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Quote of the Day

The good fellows over at @ClimateRealists, linking to this article in the Guardian which basically advises us all to head for the hills before the weather gods smite our sorry behinds, asked if the Guardian is a secret religious cult. This is perhaps a shrewder question than they realised, as the great historian of religious thought Sir James George Frazer nailed down the superstitious origins of political coercion more than a century ago. In The Golden Bough, he wrote:

“We have found that at an early stage of society men, ignorant of the secret processes of nature and of the narrow limits within which it is in our power to control and direct them, have commonly arrogated to themselves functions which in the present state of knowledge we should deem superhuman or divine. The illusion has been fostered and maintained by the same causes which begot it, namely, the marvellous order and uniformity with which nature conducts her operations, the wheels of her great machine revolving with a smoothness and precision which enable the patient observer to anticipate in general the season, if not the very hour, when they will bring round the fulfilment of his hopes or the accomplishment of his fears. Read more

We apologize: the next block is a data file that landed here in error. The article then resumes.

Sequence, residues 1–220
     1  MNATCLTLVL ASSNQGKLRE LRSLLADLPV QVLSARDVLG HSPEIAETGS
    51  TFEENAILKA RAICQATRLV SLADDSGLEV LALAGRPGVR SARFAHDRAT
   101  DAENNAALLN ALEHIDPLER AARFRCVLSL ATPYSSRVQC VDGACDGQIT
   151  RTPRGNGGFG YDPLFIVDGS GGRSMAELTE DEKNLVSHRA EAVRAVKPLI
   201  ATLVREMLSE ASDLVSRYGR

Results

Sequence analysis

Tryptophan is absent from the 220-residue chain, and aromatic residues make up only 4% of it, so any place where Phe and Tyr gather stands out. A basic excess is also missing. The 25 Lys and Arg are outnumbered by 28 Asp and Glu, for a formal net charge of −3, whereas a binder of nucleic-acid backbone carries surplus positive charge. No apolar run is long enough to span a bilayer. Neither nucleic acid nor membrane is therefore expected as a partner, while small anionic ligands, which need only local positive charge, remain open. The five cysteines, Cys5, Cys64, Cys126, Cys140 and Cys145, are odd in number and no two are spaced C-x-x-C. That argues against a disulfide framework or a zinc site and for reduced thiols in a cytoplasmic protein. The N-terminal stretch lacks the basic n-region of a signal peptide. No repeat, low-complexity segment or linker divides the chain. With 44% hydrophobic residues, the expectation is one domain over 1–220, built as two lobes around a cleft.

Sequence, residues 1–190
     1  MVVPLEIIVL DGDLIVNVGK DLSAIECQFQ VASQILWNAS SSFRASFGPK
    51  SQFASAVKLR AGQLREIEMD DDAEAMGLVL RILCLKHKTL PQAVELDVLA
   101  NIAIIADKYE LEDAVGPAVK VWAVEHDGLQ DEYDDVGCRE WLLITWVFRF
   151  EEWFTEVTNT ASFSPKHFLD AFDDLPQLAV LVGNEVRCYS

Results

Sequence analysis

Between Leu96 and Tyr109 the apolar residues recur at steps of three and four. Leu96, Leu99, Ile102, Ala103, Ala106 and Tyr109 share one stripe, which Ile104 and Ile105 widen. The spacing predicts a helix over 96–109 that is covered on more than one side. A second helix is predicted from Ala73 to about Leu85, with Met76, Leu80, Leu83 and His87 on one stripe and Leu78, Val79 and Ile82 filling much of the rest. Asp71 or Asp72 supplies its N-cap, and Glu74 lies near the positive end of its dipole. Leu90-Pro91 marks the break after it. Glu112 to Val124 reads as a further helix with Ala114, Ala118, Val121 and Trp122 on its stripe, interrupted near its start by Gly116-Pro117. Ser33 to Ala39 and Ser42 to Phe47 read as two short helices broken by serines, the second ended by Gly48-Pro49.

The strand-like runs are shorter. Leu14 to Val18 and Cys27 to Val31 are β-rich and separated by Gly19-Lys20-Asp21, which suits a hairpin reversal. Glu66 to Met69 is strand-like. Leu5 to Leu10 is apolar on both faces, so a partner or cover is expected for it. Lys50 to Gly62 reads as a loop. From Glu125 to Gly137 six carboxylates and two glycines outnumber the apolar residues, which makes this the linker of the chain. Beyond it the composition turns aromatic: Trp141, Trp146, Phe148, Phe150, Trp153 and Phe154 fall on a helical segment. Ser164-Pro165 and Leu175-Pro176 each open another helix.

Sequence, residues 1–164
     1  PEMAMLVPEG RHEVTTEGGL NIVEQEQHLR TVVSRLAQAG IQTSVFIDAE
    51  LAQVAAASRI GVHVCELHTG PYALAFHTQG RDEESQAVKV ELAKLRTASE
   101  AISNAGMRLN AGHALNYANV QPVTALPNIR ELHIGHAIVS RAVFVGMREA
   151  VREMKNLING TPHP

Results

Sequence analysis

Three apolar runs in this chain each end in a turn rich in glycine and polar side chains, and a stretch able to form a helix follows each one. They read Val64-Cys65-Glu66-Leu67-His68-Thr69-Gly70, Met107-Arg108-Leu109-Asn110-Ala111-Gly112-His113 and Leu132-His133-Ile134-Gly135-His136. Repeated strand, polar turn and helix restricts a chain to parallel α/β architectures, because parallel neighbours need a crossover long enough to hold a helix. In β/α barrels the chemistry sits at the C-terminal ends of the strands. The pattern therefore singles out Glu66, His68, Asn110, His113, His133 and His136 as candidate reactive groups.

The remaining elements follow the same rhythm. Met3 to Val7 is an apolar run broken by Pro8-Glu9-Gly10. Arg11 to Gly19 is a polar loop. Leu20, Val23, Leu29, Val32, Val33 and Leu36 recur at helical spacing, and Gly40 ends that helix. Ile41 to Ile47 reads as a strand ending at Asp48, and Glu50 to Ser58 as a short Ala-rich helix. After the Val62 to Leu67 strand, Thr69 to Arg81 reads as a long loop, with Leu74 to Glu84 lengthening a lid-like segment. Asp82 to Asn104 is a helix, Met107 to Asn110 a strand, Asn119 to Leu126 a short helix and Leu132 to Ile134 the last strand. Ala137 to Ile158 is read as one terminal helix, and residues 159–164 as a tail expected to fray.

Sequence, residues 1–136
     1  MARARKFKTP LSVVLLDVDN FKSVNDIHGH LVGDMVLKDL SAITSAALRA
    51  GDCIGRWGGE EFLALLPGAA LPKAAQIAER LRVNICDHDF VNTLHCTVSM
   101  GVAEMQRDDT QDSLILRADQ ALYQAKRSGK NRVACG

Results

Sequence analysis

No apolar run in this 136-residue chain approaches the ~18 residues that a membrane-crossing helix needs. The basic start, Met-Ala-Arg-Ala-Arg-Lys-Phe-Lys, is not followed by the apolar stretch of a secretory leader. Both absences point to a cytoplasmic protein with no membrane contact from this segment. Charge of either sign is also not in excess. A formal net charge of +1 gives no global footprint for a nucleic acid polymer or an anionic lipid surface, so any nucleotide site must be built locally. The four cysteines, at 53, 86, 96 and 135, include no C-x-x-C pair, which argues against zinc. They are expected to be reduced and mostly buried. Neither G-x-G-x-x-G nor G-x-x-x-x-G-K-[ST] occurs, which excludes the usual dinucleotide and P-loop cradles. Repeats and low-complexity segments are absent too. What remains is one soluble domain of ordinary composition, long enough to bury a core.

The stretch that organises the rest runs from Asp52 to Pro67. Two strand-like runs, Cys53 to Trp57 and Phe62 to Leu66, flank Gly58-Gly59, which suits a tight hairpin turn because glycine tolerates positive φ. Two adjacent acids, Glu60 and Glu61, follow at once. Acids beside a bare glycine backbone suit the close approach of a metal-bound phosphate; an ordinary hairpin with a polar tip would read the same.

The real China Problem

If, for some obscure and unhealthy motivation, European or Anglophone readers should find themselves looking for a way to waste an hour utterly and irretrievably while ensuring that nothing whatever is achieved either actually or apparently, they could do no better than get together with some friends of various political complexions and have a conversation on the People’s Republic of China.

Nothing could be more fatuous or futile than the ensuing spectacle, as each participant contrives to see something which reinforces his or her perspective on any and every conceivable political issue. Modern China is an omnipurpose political Rorschach ink-blot test for opinionated westerners, and today’s OECD report on school-children’s relative performances is an entertaining example. Read more